by Elize Strydom
The Peach Farm
Lovers of life on the land, Edwina and Ray Cameron moved from Longreach to Mororo and bought an established peach farm. They found a warm and welcoming community and planned to quietly enjoy the tree-change with their four children. When a spontaneous social media invitation brought hundreds of visitors to the property, The Peach Farm was born. Keen to share their unexpected success with the locals, the Camerons began collaborating with Clarence Valley growers, producers and creatives at every turn.
“We’d love to host woodfired pizza nights,” Edwina Cameron says excitedly. “Outdoor movies and workshops, too. Oh and dinners at long tables in the middle of the orchard with food made by local chefs!”
Edwina and her husband Ray are bursting with ideas for The Peach Farm and it’s not hard to see why. We gaze out over row after row of pruned fruit trees as the sun begins to dip behind the hills, casting long shadows over the green grass. 16-year-old Oliver can be heard sanding wood, while 20-year-old Meg arranges peach blossoms in jars and places them on a bench ready to be sold the following day. Poppy the dachshund is trying to hop up on an all-terrain vehicle being driven by a visiting backpacker and Ray is chasing a goat that has escaped from its enclosure. Lambs are bleating in the distance and a couple of joeys are hopping around the field, tummies full after Edwina fed them by hand when I first arrived. I can’t help but smile and she says that’s a common reaction.
“People get here and I see their surprise and amazement,” Edwina laughs. “Then I watch them begin to relax and hours later they don’t want to leave.”
When Edwina put up a social media post inviting the public to come and pick her excess peaches, she didn’t expect much of a response. Suddenly 80 people were turning up each day and her Mororo farm was full of delighted families gorging on golden fruit, juice running down their arms.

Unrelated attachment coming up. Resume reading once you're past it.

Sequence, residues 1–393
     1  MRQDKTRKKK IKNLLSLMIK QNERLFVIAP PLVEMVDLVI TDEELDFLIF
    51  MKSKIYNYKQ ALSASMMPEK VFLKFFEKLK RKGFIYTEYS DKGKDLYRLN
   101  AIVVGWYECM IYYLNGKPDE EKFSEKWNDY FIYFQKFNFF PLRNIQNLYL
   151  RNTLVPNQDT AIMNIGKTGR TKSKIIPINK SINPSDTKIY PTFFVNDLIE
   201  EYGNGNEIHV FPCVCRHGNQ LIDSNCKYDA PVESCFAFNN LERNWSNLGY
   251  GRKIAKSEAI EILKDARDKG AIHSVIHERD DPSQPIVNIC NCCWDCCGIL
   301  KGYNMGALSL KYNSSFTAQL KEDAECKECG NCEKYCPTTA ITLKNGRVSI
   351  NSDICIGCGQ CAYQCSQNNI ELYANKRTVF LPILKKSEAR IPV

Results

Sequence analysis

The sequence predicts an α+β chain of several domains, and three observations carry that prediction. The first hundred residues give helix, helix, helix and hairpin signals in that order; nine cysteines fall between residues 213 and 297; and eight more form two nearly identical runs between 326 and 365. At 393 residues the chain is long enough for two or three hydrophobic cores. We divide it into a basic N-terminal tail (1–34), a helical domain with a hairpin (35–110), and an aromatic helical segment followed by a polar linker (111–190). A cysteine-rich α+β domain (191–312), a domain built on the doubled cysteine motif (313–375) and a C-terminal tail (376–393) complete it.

“We let children pat and feed the animals and then someone suggested we set up a coffee van,” Edwina remembers. “It just grew from there; it was not planned at all!”
Intentional or not, something very special is being created and the Camerons are bringing the community along with them. Collaborations are evident at every turn.
“We believe it’s better to give than to take,” Edwina says without skipping a beat. “Helping other people out is a win-win.”
Rather than looking beyond the region for suppliers, the Camerons are focussing on what’s available locally. They’ve seen the abundance in their own backyard and want to share it with others.
“We have everything we need here right here in this Valley, every single thing!” Edwina says with a smile on her face.
Food that is grown on the farm ends up on the cafe menu and whatever isn’t at hand is supplied by a long list of local producers: Woody’s Tomatoes, veggies from Oum’s market garden Germinated, edible flowers and micro herbs from Avyssa at Little Things Grown and organic bread from Ashby Sourdough. Across from the food van you’ll find the Local Shed featuring ceramics by Nikki from Waggle Dance Farm, macrame by Mel from MeCo Macrame, hand-painted stainless steel picnic ware by Picnic Folk, hats and beeswax wraps by Michelle at Gecko’s New Tail, TuvasKitchen granola, Solum Farm essential oils and homewares from Maclean’s Heart of Space.
The food van officially opened in late April; now run by local lad Klay, the focus is on colourful and wholesome fare. Think pulled pork tacos with corn, red cabbage, smashed avocado and sour cream, chicken and quinoa tabbouleh wraps and bean nachos followed by gluten free almond cake, vegan caramel slice, Nutella brownies and a scone or two. Edwina says head barista Clarissa Cannon uses coffee from Old Quarter in Ballina and she’s had nothing but positive feedback from caffeine aficionados. You will be greeted with a beautiful smile from Tammy who is proving irreplaceable on The Peach Farm, and made feel welcome from the moment you arrive.
Peach picking season starts around September and runs through to November but the turn out on wet winter days has shown that The Peach Farm is popular year-round. When asked what draws people here, Edwina describes it as a sanctuary.
“It’s somewhere people can just be,” she explains. “Parents don’t have to worry about the kids breaking anything or getting run over in the street. They can run wild then get back in the car and fall asleep!”
“The connection people have with the animals is so special, too,” Edwina continues. “They just give off that beautiful feeling.”
Underpinned by the Camerons’ warmth, generosity and passion, this unique Clarence Valley experience has become an instant favourite with locals and is guaranteed to draw visitors from far and wide.
The Peach Farm is something we can all get excited about – meet you there!
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